In an urban environment such as the Chicago Federal Center by Mies Van Der Rohe, we see the architecture primarily frames the sculpture in the plaza. The sculpture is a contrasting vitality. This is not necessary in a rural environment; the vital element to the architecture is nature itself. Nature is the contrasting element, nature is the dynamic force from which the neutralized architecture enhances by aggrandized contrast. Sculpture is the substitute for nature where it is lacking in the big city.
Nowhere can this be seen more clearly than at the Farnsworth House by Mies Van Der Rohe designed from 1945-1951. Nature is clearly the starring character of the house. The nature of the house is to frame its surroundings. There is no other possibility; one is simply consumed by nature when inside the house. The reflections of trees in the glass mixed with the complex tree filtered shadows create a richly decorative experience. The nature seems to encroach on the border like seeing an effective 3D movie at the theater. Reflection and shadow blur the line between inside and out. The only real cue that one is not in an open pavilion is the muffling of sounds. The tree will whip violently in the wind but one won’t hear the wind inside the house. It’s like a reverse aquarium where the surroundings are on display. The floating plane of roof has an even-handed diffusion that seems to glow with indirect reflectivity.
The Farnsworth House is also very much like tofu: it takes on the characteristics of its environment. As the seasons change so does the house. The dominant mood of the environment is reflected in the overwhelming sensations of transforming nature. The color of the house changes with the seasons as well, reflecting what is happening beyond the house. In fall, the house takes on a warm hue, a hue of deep colors and gathering fortitude for winter. I have not seen it in winter, but I imagine the house to be perfectly camouflaged and even more “not there” when surrounded by blinding white. Icicles have the potential to form on its eaves, the house becomes an ice fortress, although a freezing cold one with single pane glass!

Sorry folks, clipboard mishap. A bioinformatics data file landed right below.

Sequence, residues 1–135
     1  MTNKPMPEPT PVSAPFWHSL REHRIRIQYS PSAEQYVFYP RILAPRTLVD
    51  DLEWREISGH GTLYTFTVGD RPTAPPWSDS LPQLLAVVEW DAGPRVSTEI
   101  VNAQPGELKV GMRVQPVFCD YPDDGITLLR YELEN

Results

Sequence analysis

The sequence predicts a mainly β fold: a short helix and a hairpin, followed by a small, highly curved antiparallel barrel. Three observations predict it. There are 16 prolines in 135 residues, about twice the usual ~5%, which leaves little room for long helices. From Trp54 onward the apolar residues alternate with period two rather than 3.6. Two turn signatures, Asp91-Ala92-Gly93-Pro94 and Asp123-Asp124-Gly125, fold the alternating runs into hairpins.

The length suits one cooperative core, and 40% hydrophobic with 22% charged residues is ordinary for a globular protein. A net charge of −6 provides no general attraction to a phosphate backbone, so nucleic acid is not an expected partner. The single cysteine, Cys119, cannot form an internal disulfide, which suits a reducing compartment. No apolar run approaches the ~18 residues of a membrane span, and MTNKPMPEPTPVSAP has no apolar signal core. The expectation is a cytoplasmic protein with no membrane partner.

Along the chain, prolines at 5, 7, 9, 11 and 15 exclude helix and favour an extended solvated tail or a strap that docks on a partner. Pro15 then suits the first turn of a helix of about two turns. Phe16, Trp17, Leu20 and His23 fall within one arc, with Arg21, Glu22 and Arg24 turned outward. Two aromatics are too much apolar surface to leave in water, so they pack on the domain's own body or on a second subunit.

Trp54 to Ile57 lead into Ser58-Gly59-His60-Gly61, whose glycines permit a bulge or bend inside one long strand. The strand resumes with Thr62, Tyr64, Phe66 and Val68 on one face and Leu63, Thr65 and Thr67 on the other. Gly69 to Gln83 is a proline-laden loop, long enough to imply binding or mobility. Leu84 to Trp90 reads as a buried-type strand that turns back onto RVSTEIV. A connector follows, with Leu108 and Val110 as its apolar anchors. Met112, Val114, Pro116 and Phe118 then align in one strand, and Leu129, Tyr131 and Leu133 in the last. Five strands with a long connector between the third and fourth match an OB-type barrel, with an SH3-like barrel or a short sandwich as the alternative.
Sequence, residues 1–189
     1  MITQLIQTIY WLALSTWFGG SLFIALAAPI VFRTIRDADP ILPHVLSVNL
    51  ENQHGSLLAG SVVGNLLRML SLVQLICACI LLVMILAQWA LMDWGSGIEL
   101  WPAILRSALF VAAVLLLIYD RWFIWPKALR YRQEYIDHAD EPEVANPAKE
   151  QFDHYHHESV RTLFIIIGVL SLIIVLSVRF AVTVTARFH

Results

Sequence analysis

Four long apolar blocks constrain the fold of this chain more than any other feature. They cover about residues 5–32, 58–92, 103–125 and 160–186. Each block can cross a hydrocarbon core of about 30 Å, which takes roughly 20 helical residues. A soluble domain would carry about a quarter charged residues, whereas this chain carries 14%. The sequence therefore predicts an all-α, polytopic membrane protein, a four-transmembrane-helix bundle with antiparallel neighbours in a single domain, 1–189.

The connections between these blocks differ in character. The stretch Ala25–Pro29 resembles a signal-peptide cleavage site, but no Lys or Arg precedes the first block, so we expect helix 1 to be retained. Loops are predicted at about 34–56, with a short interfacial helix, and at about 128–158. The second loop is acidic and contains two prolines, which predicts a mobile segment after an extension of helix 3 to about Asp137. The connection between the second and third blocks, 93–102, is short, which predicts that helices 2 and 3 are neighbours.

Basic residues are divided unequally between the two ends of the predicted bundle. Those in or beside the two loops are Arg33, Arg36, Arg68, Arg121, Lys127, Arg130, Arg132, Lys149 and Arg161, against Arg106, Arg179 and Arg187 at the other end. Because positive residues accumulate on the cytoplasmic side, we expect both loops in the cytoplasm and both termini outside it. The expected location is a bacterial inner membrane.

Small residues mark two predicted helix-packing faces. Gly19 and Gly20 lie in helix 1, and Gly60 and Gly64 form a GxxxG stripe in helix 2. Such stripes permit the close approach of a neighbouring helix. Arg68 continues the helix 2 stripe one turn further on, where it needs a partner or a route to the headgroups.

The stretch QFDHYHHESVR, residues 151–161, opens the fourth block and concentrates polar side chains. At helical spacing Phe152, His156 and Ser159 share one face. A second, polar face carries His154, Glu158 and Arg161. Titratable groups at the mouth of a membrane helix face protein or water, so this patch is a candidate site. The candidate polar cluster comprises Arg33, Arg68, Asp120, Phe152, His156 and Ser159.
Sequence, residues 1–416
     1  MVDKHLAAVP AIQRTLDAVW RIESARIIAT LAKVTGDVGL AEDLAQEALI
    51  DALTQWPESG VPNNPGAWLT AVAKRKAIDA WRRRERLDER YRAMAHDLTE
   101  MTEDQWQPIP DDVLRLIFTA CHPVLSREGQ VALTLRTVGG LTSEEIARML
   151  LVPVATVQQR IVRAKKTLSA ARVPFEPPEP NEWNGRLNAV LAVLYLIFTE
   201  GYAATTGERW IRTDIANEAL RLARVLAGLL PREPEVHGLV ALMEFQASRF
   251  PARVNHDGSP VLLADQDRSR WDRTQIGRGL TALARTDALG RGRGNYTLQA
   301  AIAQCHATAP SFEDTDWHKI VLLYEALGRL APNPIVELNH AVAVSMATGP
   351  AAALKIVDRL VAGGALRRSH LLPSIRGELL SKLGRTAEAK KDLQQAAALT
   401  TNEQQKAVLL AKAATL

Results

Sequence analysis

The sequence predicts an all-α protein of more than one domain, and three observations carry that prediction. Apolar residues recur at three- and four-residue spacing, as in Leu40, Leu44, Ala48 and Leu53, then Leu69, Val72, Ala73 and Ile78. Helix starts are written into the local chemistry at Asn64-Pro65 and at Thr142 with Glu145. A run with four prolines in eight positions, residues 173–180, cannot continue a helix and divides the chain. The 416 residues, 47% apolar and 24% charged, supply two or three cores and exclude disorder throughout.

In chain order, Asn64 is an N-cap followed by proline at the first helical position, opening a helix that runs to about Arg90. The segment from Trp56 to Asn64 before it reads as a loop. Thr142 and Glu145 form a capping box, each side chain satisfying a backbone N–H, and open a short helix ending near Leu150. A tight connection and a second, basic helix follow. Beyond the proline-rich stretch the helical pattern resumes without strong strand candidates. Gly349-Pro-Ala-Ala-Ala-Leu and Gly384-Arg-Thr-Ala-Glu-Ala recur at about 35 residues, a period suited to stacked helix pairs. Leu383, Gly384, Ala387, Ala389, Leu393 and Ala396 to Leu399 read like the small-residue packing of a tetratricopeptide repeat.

Although I have not seen it at night, I believe the success of the Farnsworth House primarily happens in the daytime. The overwhelming inhabitation of the black night, I imagine, could be oppressive and ominous when inside the house. The reverse aquarium reverses, and one would feel as if they are on display to nature, or whatever else may lurk in the void of black night.
The architecture is nature’s frame. It is not overtly decorative in order that it does not compete with nature. Just as at a museum, if a painting is framed in an overtly ornate gilded frame the power of the painting is attenuated. A conspicuous frame will make one forget the frame and focus on what is important; the painting!
It is a hard task to ask the creative minds of architecture to design a building that is not meant to stand out, but instead enhance its surroundings by disappearing as much as possible. The ego wants to be noticed, it wants to be seen and admired. Mies teaches that a building that is meant to disappear, if executed with distilled perfection, can be successful both as architecture as well as an unintrusive framing device for nature (urban or rural) or it’s substitute (sculpture, painting etc.).